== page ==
A wonderful portrait of a seemingly simple life reimagined from Esther's last serene days. The details of her "modest" existence take on a brilliance and clarity, which allow Esther to become alive and loveable to the reader. — Karen Frank
A wonderful fiction debut, Being Esther gives voice to Esther Lustig, an extraordinary woman who has lived a conventional life, in this touching exploration of aging and its accompanied search for meaning. In spare, refreshingly unsentimental prose, Miriam Karmel has given us one of literature's finest portraits of the last months of a woman's life. At once sad and amusing, unpretentious and ambitious, Karmel's fiction debut brings understanding and tremendous empathy to the character of Esther Lustig, a woman readers will recognize and embrace. Born to parents who fled the shtetl, Esther Lustig has led a seemingly conventional life--marriage, two children, a life in suburban Chicago. Now, at the age of eighty-five, her husband is deceased, her children have families of their own, and most of her friends are gone. Even in this diminished condition, life has its moments of richness, as well as its memorable characters. Being Esther is an exploration of aging, a search for meaning, and about the need, as Esther puts it, for better roadmaps for growing old.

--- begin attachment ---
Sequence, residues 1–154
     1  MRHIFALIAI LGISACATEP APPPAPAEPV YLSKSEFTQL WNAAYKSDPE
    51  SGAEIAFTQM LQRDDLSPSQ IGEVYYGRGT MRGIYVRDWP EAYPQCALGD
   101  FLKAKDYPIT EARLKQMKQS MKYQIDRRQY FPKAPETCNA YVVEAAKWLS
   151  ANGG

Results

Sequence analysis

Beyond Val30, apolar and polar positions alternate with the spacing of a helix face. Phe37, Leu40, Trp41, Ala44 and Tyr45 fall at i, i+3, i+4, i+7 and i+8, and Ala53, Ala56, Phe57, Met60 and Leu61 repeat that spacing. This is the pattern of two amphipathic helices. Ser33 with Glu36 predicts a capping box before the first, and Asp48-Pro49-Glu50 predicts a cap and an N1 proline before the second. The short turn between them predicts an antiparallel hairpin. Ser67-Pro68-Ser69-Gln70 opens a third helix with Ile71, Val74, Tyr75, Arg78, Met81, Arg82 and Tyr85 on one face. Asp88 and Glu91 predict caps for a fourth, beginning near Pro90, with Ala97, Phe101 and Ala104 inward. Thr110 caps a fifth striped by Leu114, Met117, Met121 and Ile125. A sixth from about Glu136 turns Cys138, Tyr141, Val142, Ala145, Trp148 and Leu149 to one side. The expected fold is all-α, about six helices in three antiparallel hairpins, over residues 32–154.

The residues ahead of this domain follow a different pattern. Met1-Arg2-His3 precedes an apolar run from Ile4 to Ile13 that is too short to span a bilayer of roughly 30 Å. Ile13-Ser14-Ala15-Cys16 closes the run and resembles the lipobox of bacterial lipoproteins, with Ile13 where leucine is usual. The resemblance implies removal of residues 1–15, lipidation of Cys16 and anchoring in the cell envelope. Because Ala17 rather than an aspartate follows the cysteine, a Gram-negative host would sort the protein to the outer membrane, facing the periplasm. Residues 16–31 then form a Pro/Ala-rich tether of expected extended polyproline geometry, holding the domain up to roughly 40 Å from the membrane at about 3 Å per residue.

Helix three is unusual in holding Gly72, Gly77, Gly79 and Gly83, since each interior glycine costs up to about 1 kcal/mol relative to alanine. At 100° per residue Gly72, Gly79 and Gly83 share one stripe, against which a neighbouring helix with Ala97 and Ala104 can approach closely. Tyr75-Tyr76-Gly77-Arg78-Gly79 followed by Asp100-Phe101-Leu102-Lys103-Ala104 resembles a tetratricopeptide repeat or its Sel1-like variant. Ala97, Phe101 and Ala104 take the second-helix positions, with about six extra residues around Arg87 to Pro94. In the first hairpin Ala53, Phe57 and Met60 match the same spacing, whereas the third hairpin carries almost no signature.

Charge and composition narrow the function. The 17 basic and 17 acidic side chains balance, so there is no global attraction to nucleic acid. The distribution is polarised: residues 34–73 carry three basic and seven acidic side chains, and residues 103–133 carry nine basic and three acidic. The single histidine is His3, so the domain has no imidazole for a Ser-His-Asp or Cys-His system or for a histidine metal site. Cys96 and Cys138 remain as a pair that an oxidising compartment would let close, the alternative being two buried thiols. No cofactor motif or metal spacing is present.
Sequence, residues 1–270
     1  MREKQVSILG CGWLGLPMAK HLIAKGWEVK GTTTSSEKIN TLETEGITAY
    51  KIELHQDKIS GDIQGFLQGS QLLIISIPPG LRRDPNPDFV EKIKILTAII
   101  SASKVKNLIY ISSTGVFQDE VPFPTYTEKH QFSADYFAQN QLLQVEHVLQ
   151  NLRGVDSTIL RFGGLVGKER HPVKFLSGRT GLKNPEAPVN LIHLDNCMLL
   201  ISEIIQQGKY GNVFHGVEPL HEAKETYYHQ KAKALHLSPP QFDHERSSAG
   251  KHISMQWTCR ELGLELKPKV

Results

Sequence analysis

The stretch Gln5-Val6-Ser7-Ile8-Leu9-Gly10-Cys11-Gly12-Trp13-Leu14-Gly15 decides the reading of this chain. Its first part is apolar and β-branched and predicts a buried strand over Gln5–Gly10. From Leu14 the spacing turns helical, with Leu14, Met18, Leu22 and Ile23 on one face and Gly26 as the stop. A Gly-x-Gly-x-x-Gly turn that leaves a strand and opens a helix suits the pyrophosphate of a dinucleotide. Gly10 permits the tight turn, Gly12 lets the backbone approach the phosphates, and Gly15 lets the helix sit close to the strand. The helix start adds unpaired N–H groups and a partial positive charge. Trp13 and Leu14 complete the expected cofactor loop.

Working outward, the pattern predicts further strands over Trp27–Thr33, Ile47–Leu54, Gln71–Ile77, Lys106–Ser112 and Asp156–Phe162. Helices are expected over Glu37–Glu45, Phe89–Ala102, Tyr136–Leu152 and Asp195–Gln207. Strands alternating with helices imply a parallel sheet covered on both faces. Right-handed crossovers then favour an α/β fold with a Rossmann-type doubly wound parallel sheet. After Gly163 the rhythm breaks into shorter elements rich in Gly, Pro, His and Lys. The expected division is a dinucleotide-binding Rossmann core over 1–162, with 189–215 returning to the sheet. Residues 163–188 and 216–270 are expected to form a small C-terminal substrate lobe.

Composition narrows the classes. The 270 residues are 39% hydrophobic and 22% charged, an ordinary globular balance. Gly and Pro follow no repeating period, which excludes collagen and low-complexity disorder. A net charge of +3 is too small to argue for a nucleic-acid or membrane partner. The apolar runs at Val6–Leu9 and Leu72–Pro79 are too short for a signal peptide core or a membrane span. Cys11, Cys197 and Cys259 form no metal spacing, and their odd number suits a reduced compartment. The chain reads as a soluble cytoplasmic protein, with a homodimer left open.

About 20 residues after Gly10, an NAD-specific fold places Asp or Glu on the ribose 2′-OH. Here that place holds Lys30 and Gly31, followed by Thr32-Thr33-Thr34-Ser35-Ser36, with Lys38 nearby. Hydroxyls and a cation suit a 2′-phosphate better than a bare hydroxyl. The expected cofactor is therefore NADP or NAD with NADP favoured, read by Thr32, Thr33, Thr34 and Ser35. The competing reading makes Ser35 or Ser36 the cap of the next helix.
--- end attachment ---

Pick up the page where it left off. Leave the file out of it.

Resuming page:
About the Author